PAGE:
7. Firstly, the briefings were monologues; nevertheless, they were ok. But it sounded too good to be 100% true and defect-free. Secondly, some exhibitions were manned by some experienced hands while a few others were by young cikus. And lastly the break-out sessions – hardly much time; could not even give a comprehensive briefing and answer our questions due to shortage of time.
8. Anyway, based on transparency and value for money principles, the public ought to be informed about the total cost of this Open Day and its outcome.
9. Now let’s recap our PM’s specific agenda. Indeed he does sincerely want to see Malaysia makes a quantum leap to achieve Vision 2020 / High Income Status (GNI per capita = US15,000) by 2020. To achieve the said agenda, YAB Dato’ Sri Najib had constructed 4 vehicles – (a) 1Malaysia, (b) New Economic Model (NEM), (c) Government Transformation Plan (GTP) and (d) 10th Malaysia Plan (10th MP).
10. I wish to focus on the NEM and its associated Economic Transformation Plan (ETP) as well as National Key Economic Areas (NKEAs).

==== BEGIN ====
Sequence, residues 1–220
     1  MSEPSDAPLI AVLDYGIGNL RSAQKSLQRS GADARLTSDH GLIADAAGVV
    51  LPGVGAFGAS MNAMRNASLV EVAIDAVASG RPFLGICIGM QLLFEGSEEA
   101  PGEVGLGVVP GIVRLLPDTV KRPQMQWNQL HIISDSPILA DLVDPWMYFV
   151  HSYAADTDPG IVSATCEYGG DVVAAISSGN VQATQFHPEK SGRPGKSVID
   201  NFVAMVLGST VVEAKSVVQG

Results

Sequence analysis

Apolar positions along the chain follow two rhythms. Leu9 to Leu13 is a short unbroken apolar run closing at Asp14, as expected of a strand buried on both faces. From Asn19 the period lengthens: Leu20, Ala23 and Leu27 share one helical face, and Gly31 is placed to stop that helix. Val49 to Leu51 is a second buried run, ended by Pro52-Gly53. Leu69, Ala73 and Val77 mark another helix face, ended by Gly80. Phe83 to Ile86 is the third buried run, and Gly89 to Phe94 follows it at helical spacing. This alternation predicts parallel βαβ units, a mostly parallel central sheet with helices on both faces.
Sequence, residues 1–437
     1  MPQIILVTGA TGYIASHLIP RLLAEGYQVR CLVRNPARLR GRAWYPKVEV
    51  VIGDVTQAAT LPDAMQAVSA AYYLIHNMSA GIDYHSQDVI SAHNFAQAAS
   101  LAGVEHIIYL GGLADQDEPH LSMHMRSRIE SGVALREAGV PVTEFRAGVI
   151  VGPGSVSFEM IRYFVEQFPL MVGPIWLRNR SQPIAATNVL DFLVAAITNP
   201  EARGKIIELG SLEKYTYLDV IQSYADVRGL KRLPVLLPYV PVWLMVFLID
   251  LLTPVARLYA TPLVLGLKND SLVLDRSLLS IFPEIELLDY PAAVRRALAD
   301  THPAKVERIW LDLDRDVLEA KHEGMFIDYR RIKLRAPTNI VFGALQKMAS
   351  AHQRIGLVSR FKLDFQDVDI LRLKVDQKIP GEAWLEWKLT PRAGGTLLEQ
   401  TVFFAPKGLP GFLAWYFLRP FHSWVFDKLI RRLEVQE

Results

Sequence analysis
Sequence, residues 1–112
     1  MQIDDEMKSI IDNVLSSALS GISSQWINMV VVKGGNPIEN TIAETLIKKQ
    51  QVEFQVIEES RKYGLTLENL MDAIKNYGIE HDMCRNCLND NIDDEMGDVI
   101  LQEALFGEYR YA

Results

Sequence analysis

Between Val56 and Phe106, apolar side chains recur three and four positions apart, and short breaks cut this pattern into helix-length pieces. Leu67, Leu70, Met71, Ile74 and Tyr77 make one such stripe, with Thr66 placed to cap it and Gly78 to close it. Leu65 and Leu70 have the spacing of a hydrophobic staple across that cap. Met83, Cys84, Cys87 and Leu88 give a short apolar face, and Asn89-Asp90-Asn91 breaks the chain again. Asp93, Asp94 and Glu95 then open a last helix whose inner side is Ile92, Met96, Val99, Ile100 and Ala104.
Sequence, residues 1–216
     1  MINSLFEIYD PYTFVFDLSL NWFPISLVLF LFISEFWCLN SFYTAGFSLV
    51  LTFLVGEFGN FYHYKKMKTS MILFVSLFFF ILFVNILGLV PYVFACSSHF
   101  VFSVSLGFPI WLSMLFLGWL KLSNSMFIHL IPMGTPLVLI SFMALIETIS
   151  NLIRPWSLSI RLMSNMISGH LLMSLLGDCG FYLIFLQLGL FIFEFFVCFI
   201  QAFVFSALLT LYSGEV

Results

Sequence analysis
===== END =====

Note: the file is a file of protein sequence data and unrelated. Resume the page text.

11. In terms of support, one can broadly dichotomise (a) the Non-Malays, so-called liberal Malays and foreigners strongly supported the model while (b) the so-called conservative Malays, largely presented by the Majlis Perundingan Melayu (MPM), strongly opposed the model if the Bumiputera Agenda is not explicitly expressed. This round won by the 1st group.
12. MPM convened Bumiputera Economic Congress (BEC) on 29 May 2010; the Agenda with 31 Resolutions were unanimously adopted and won the support of the PM. It was incorporated in 10th MP (Chapter 4) at the 11th hour upon his instruction. This round won by the 2nd group.